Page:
SAA supports an unwaivable right to remuneration for screenwriters and directors, that would be handled on a collective basis. This is not a tax or a levy – it is not an amount set and collected by the government to fund the public budget.
It is a system that defers a market negotiation and makes it fairer in two ways – 1) the negotiation takes place closer to the actual moment of exploitation when the value can more accurately be determined. 2) the negotiation and collection is handled collectively meaning that individual freelance authors are no longer alone in negotiating with much bigger entities.
Being paid fairly for your work is not a tax. In the case of screenwriters and directors, being fairly paid for your intellectual property is not a tax either. There are so many ways to watch films and TV series now and new services are being developed all the time. We need to recognise that an upfront contract signed before a film is even made cannot provide fair and proportionate remuneration to its creators.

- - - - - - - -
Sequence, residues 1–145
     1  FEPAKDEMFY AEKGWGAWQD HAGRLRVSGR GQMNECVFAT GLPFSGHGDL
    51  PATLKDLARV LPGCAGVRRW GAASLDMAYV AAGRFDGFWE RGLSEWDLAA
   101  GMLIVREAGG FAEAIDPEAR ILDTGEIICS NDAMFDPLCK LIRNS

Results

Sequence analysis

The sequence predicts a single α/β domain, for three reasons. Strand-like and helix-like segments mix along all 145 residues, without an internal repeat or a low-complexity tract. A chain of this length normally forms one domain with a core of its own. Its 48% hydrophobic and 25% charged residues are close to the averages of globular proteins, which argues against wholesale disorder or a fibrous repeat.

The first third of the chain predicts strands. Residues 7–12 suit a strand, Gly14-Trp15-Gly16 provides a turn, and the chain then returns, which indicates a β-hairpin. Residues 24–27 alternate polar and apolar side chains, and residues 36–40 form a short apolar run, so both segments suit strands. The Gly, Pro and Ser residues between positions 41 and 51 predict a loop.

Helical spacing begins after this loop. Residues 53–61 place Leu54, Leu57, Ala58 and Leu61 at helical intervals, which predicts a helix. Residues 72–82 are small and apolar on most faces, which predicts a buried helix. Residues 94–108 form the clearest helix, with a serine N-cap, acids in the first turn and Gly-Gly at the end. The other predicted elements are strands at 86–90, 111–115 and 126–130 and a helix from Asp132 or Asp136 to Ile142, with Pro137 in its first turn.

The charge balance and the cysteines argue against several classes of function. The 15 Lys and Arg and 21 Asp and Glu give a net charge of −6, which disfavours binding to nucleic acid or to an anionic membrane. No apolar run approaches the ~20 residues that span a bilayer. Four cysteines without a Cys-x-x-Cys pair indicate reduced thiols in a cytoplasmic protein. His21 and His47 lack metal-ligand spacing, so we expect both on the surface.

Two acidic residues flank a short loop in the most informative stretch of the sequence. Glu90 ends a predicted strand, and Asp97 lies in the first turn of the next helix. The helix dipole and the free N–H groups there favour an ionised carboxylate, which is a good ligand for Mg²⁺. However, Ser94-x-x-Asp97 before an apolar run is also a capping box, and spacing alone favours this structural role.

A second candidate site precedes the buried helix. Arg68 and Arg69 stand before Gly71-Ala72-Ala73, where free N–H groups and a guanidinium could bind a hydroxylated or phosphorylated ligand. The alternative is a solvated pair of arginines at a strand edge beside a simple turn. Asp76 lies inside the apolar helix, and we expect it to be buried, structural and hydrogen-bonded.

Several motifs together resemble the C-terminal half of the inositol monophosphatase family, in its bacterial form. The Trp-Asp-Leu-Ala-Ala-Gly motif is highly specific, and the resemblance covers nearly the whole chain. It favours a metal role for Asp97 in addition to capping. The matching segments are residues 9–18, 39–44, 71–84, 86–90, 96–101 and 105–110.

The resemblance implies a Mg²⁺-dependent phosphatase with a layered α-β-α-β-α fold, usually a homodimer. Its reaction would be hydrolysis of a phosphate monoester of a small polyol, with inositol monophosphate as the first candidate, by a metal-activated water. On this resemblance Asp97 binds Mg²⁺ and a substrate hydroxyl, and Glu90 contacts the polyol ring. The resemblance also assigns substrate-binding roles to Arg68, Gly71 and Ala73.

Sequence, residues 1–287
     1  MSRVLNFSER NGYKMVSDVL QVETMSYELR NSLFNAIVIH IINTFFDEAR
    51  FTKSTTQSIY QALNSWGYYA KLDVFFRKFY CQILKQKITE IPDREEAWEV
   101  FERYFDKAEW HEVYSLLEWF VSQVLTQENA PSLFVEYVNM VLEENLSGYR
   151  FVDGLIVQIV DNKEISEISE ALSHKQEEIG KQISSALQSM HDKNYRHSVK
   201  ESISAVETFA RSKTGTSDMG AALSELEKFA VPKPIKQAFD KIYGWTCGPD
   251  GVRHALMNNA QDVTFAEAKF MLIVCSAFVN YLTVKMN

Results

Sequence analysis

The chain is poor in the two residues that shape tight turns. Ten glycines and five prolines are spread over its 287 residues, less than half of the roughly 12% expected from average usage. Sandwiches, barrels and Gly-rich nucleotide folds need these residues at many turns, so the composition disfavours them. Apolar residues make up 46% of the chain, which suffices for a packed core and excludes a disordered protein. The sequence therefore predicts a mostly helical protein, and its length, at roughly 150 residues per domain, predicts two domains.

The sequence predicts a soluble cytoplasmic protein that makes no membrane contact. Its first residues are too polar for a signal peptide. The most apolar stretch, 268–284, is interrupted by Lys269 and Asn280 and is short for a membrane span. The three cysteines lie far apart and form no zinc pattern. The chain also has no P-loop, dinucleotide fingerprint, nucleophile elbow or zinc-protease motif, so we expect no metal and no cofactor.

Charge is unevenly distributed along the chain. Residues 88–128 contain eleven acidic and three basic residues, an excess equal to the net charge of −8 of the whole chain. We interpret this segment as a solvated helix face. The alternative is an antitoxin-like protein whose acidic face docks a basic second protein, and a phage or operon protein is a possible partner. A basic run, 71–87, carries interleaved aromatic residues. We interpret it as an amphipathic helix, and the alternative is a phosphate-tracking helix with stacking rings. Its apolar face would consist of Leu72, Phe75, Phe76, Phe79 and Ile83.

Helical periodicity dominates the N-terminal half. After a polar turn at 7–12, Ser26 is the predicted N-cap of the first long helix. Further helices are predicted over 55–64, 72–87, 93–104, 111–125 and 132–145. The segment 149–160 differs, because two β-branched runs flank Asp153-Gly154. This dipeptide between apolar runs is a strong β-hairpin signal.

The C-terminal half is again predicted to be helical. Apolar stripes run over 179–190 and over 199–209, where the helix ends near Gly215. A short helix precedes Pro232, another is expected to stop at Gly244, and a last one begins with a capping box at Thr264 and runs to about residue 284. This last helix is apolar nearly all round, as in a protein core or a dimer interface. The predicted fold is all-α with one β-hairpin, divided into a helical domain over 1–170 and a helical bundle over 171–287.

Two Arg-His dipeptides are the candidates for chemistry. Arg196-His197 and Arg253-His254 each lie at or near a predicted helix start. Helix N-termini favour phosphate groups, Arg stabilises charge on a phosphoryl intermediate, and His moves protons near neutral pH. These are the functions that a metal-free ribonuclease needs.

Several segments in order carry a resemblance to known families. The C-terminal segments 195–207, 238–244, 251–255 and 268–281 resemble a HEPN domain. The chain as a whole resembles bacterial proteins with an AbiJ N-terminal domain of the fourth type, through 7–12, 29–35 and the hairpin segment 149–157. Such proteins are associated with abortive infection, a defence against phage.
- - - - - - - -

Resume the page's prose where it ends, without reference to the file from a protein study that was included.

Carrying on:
Change is needed but let’s not be fooled by alarmist calls of “taxation”.
Previously, two Commissioners have had a stab at resolving the hoo ha around private copying levies and failed. This new Commission seemed to have recognised that this was one issue where entrenched, opposing industry positions and overly differing viewpoints between the Member States made progress an unlikely result for a Commission focused on being big on big things and small on small things. Radio silence on the issue was broken on 9th December when the Copyright Communication included an action box on private copying levies.